Carbon Dioxide-Free Hydrogen and Solid Carbon from Natural Gas via Metal Salt Intermediates

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OPEN 2018
Baltimore, Maryland
Project Term:
06/28/2019 - 12/27/2023

Critical Need:

By mass, natural gas (NG) is the most-extracted material on the planet. Natural gas extraction releases large amounts of methane, NG’s main ingredient and a potent greenhouse gas, which can be burned for energy generation or converted into hydrogen (H2). Each year, steam methane reforming (SMR) of NG produces more than 10 million metric tons of H2, as well as 70-100 million tons of carbon dioxide (CO2). The H2 market is increasing at a combined annual growth rate of >6%, intensifying the need to generate H2 from abundant, domestic resources, with a low-to-zero CO2 footprint. Methane pyrolysis is an energy-efficient, environmentally friendly approach to produce emission-free H2 and carbon products—but to be commercially viable, these products must be useful for large-scale applications.

Project Innovation + Advantages:

Johns Hopkins will scale up a novel process to convert natural gas into hydrogen and solid carbon with no water input while reducing carbon dioxide (CO2) emissions. Leveraging industrial partners Southern Company and Cabot Corporation, the team will scale up its cyclic process based on early laboratory demonstration. ETCH, INC, is commercializing the process, which is expected to produce H2 from NG at costs comparable to the state-of-the art commercial technologies, while lowering energy input, reducing CO2 emissions, and producing high-value pure carbon materials.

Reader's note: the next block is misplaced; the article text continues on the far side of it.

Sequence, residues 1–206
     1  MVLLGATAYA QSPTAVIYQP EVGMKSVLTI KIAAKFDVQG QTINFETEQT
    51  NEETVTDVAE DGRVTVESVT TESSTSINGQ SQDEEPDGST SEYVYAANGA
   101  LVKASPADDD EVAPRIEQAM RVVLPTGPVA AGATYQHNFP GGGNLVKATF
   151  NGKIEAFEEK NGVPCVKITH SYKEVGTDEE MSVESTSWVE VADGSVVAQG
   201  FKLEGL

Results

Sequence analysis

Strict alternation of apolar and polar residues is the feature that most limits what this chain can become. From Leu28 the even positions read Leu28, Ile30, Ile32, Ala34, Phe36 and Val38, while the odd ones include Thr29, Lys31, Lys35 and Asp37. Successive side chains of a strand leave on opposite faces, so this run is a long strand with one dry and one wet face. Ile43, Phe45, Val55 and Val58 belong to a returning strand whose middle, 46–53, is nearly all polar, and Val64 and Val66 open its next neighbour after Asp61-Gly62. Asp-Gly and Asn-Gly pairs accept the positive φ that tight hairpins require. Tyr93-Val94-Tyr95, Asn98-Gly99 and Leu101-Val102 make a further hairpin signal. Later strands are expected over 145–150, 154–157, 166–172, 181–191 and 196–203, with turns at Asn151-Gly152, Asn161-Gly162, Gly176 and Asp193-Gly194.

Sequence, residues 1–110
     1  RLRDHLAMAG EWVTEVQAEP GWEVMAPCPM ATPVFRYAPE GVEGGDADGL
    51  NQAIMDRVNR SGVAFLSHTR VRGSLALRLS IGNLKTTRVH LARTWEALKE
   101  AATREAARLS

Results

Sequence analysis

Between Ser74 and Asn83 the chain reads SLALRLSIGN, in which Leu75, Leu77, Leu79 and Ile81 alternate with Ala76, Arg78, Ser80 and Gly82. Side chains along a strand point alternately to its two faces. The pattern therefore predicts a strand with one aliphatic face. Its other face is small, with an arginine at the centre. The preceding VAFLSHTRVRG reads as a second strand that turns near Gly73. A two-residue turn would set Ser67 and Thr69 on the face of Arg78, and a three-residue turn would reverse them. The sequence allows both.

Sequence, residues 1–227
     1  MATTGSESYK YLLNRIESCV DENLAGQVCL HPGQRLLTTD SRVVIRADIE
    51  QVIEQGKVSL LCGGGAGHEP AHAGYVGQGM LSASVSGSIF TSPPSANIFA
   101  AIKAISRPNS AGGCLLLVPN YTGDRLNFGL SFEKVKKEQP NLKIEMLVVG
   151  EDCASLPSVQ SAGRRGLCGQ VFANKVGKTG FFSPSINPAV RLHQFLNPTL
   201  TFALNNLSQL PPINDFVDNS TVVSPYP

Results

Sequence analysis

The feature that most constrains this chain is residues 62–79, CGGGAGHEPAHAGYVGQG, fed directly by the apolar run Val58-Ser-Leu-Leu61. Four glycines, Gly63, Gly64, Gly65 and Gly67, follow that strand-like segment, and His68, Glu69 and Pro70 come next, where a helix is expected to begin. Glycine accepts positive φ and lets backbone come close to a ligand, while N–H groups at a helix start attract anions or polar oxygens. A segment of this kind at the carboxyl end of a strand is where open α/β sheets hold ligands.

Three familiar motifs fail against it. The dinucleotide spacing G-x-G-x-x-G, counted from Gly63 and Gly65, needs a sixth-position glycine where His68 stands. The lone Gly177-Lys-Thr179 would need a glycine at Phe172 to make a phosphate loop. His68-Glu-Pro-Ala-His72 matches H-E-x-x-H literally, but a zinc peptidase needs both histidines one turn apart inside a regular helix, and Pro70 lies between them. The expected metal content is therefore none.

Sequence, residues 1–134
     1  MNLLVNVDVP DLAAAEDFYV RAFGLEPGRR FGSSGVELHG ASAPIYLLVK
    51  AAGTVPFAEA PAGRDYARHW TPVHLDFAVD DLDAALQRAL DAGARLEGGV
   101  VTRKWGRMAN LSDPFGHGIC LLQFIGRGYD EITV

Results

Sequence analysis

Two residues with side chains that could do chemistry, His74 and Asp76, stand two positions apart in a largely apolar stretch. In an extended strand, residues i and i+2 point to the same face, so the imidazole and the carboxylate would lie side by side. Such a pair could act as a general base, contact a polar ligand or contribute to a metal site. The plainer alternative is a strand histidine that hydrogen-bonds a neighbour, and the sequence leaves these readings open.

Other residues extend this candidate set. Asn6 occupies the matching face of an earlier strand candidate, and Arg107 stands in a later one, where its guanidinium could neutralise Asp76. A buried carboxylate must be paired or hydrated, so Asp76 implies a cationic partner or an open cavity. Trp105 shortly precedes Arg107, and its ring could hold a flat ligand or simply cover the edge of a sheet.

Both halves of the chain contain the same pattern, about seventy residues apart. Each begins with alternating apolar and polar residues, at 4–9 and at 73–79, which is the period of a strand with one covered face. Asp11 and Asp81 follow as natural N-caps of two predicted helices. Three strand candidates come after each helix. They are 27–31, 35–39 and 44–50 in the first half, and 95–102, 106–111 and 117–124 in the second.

Potential Impact:

Johns Hopkins proposes rapid development of a radical new method to produce H2 and solid carbon from NG.


The U.S. transportation sector depends on petroleum for its energy. Increasing the diversity of energy-dense liquid fuels would bolster energy security.


The new technology would reduce or eliminate roughly 100 million metric tons of CO2 emissions from current H2 production.


This technology would expand the H2 market and spur the identification and use of new high-value solid carbon materials.


ARPA-E Program Director:
Dr. Jack Lewnard
Project Contact:
Jonah Erlebacher
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